Carrie Mae Weems is a black, American, narrative photographer who is known for her documentary work on race, feminism, and identity. I have had the chance to present and research Weems for numerous class projects for the past ten weeks. I have been fascinated with the articles and books that has led me to understand her as a person as well as an artist. I was shocked to learn, that in 2013 she was the first Black woman photographer to have a solo photo exhibition at the Guggenheim Museum in New York City. In 2014, amongst many BET honorees she received the Visual Arts Award presented by Hip-Hop mogul and entrepreneur Russell Simmons.
It is not easy as an up and coming photographer to know what your work will be categorized amongst viewers and other artists. I personally thrive off photographing clothing and products that promote fashion brands, yet have found myself more passionate about concepts that have purpose or symbolic meaning. Carrie Mae Weems' body of work The Kitchen Table Series contains black and white images that identify with women in different roles. A mother, a significant other, a friend, and balancing an internal relationship with yourself are subjects every woman can relate to. I found this series self-empowering, in my personal life as well as my role as an artist.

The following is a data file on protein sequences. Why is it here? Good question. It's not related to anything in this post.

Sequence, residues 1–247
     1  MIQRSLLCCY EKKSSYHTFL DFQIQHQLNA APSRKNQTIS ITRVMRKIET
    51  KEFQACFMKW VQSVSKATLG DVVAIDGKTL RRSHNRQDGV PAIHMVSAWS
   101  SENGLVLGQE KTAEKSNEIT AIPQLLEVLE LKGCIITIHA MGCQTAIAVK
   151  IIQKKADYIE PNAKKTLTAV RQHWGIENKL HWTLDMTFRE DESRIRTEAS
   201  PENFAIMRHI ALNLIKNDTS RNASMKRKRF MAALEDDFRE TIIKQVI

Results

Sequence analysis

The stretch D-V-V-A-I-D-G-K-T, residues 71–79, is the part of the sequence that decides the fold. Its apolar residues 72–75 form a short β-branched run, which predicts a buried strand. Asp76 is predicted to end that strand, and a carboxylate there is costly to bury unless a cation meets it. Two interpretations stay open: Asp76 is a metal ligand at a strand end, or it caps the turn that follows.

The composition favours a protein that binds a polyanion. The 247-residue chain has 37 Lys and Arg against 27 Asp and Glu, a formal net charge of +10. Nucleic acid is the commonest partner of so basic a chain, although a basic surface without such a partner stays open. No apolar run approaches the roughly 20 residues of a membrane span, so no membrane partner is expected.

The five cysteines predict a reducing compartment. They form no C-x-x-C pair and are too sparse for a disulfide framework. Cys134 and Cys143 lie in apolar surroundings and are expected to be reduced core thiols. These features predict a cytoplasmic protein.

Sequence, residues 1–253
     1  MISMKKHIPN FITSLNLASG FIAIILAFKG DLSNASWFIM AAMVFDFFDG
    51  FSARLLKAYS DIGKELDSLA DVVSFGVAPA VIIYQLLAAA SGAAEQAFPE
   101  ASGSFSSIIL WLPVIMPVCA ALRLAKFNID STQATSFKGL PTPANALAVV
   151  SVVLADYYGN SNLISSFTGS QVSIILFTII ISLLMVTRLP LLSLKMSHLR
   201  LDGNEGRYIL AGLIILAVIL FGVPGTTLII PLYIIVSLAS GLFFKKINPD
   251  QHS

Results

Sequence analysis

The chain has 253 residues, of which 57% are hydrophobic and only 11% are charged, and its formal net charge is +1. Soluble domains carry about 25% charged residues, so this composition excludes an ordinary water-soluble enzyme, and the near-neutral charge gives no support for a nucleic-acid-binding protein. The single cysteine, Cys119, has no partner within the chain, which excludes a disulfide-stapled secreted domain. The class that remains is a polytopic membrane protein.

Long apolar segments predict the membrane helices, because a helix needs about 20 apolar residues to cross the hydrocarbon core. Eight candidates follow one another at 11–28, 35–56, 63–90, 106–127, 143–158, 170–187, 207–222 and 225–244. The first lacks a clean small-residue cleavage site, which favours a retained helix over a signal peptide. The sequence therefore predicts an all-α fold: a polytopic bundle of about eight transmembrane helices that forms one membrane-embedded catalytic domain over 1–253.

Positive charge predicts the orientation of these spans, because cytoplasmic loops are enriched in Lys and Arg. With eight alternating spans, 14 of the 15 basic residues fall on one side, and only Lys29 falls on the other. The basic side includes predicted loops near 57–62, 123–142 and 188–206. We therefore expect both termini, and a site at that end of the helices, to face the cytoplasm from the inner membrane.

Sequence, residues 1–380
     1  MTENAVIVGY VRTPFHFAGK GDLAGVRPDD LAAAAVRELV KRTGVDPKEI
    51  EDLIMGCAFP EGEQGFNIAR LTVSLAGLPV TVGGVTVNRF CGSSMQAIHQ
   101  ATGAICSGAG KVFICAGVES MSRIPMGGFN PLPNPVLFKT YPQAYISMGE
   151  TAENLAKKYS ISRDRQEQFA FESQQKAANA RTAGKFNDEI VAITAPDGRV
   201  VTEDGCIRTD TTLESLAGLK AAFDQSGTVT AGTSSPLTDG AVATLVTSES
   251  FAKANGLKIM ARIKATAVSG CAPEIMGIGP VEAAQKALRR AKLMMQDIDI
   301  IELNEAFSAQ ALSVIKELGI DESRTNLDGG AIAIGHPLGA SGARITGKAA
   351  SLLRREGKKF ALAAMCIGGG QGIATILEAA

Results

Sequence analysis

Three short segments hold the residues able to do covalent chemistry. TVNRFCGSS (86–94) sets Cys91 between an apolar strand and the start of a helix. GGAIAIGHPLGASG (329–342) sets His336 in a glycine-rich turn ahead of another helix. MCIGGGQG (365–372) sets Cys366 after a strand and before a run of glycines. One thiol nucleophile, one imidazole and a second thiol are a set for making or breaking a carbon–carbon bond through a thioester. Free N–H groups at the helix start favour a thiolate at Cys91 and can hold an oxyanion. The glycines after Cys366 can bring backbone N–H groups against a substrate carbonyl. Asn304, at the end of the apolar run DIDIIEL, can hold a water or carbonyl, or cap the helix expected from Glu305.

Carrie Mae Weems' Fresh Talk at the National Museum of the Women in the Arts is a noble speech answering the question, " Can an artist inspire social change?" From that presentation I will always take this quote with me.
“One important thing you learn as an artist, if you're focused, really, really focused, the work tells you what it needs, what it needs to be, and embedded in every project, is the beginning of the next project.”
-Carrie Mae Weems